Laxmi Prasad Devkota

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Laxmi Prasad Devkota
Poet the Great
Minister of Education and Autonomy, (Nepal)
In office
26 July 1957 – 15 May 1958
Prime MinisterKunwar Inderjit Singh
Personal details
Born(1909-11-12)12 November 1909 (1966 Kartik 27 BS)
Dhobidhara, Kathmandu, Nepal
Died14 September 1959(1959-09-14) (aged 49)
Kathmandu, Nepal
Spouse(s)Mandevi Chalise
Children5 daughters and 4 sons
ParentsTilmadhav Devkota (Father), Amar Rajyalakshmi Devi (Mother)
OccupationPoet, Playwright and Scholar

Laxmi Prasad Devkota (Nepali: लक्ष्मीप्रसाद देवकोटा,(12 November 1909 – 14 September 1959) was a Nepali poet, playwright, and novelist. Honored with the title of Mahakavi (literal translation: The Great Poet or Poet the Great) in Nepali literature, and is known as the poet with the golden heart. Devkota is by and large regarded as the great poet (महाकवि) of Nepali language. Some of his popular works including the best selling Muna Madan, along with Sulochana,Kunjini, and Sakuntala.[1][2]


Early life[edit]

Devkota was born on the night of Lakshmi Pooja on 12 November 1909 (1966 Kartik 27 BS) to father Teel Madhav Devkota and mother Amar Rajyalakshmi Devi in Thatunati (now Dhobidhara), Kathmandu.[3]His father, Teel Madhav was a sanksrit scholar. So, He attained his basic education under the custodianship of his father. He started his education at Durbar High School in Kathmandu, where he studied both Sanskrit grammar and English. After finishing his Matriculation exams from Patna at the age of 17, He pursued the Bachelor of Arts along with the Bachelor of Laws at Tri Chandra College and graduated from Patna University as a private examinee. But his desire of completing his masters degree was left uncompleted due to his family's financial conditions.[4][5] Only after a decade from his graduation as a lawyer, he started working in Nepal Bhasaanuwad Parishad (Publication Censor Board), where he met famous Playwright of Nepal Balkrishna Sama. At the same time, he also worked as a lecturer at Tri-Chandra College and Padma Kanya College.[2]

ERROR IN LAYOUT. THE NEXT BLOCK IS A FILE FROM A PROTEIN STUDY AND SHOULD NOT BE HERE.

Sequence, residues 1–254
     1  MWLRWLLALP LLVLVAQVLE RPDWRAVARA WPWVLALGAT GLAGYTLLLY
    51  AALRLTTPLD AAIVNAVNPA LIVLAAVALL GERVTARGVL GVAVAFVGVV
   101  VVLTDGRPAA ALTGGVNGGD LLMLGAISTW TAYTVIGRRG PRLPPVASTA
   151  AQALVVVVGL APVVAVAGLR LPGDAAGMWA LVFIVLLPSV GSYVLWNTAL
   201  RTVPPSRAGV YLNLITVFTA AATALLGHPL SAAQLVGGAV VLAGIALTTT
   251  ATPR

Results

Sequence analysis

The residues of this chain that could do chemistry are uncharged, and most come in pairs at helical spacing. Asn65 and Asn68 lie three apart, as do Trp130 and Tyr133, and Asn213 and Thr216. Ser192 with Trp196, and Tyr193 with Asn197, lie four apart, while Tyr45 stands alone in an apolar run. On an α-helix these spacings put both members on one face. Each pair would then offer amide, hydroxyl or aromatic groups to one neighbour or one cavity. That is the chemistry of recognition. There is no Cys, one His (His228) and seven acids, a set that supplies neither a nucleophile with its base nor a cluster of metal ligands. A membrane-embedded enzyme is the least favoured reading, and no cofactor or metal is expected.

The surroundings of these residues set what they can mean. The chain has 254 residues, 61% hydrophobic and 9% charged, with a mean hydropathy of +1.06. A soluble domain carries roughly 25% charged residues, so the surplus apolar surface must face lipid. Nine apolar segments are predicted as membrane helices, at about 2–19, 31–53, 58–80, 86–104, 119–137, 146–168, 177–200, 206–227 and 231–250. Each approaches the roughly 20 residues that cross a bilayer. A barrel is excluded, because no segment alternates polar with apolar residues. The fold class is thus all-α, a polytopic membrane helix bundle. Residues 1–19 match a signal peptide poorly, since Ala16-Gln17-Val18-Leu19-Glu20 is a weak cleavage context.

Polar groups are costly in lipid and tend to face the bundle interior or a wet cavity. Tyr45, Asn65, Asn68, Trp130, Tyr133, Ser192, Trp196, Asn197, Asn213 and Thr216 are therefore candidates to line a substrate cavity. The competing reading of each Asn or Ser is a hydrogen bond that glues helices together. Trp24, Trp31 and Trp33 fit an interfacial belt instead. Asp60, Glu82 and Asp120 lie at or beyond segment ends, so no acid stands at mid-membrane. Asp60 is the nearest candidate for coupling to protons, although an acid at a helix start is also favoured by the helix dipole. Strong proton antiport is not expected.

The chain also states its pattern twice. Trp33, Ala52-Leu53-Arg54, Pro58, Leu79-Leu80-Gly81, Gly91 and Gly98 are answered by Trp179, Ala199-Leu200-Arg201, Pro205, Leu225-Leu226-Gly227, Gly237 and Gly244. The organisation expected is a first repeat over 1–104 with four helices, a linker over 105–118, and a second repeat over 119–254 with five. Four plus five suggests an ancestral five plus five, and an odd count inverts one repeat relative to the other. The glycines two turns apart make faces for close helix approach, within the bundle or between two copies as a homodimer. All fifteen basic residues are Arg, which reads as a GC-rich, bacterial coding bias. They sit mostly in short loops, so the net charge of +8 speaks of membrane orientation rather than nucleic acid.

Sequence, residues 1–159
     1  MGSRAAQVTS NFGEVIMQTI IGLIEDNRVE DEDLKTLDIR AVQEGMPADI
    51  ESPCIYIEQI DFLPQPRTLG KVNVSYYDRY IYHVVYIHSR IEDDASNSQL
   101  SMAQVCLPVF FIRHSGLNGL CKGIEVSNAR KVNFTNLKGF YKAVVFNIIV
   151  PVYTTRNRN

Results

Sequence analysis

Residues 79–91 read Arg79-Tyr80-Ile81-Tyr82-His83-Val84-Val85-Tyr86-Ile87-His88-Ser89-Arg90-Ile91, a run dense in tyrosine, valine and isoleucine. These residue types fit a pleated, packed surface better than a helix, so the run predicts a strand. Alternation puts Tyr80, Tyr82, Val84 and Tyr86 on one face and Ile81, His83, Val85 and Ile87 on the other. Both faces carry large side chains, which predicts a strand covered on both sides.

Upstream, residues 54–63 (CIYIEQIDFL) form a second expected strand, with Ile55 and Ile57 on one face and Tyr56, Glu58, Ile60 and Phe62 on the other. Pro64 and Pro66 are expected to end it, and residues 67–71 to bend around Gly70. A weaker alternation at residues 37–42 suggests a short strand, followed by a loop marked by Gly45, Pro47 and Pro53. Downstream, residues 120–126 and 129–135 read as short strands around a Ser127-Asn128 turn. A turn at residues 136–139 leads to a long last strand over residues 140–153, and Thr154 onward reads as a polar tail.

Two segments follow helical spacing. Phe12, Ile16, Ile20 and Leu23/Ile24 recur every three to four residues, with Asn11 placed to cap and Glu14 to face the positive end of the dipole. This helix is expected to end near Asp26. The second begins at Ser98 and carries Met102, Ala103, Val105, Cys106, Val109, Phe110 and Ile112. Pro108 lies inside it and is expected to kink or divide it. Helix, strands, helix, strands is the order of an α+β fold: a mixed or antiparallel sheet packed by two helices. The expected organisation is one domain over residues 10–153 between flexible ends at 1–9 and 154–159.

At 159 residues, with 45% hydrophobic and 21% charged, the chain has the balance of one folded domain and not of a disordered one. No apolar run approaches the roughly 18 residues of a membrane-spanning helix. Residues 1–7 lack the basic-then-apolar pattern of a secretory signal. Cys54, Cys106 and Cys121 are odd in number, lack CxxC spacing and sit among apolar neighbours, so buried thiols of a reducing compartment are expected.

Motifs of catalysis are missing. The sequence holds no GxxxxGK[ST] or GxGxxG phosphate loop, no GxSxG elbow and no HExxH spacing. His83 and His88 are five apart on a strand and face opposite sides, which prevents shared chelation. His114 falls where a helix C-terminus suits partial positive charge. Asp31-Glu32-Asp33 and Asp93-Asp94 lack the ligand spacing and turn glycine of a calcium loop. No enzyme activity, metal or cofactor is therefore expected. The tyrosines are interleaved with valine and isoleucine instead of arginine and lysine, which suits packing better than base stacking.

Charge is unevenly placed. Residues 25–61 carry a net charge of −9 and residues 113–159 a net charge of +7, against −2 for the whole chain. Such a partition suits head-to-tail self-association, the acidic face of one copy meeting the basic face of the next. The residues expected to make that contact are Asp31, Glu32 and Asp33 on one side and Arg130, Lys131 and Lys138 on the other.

In the late 1930s, Devkota suffered from nervous breakdowns, probably due to the death of his mother, father, and his two-month old daughter. Eventually, in 1939, he was admitted to the Mental Asylum of Rachi, India, for five months. Going into debt later in life to finance his daughters' dowries and weddings, he is reported to have said to his wife, "Tonight let's abandon the children to the care of society and youth and I renounce this world at bedtime and take potassium cyanide or morphine or something like that."[6]

Later years and death[edit]

Laxmi Prasad Devkota was a chain smoker throughout his life. After a long battle with cancer, Devkota died on September 14, 1959, at the ghat of Bagmati River in Pashupatinath Temple, Kathmandu.[2]


Laxmi Prasad's son, Padma Devkota, is also a poet and writer, and served for many years as a professor at the English Department, Tribhuvan University, Kathmandu.

Work and style[edit]

Devkota contributed to Nepali literature by starting a modern Nepali language romantic movement in the country. Born in Nepal, he was the first to begin writing epic poems in Nepali literature. Nepali poetry soared to new heights with Devkota's innovative use of language.

Departing from the Sanskrit tradition that dominated the Nepali literary scene at the time, being inspired from the Newar language (a Sino-Tibetan language) ballad song Ji Waya La Lachhi Maduni, he wrote Muna Madan (1930), a long narrative poem in popular jhyaure bhaka folk tune. Muna Madan is undoubtedly the most sold book in the history of Nepalese literature. Being pictured as a movie, Muna Madan was able to get selected for the Oscar Award, which also signifies the level of the creation. The work received immediate recognition from the Ranas – the country's rulers at the time. Muna Madan tells the story of Madan—a traveling merchant—who departs from his wife Muna to Tibet in a bid to earn some money. The poem describes the thematic hardships of the journey: the grief of separation, the itching longing, and the torment of death.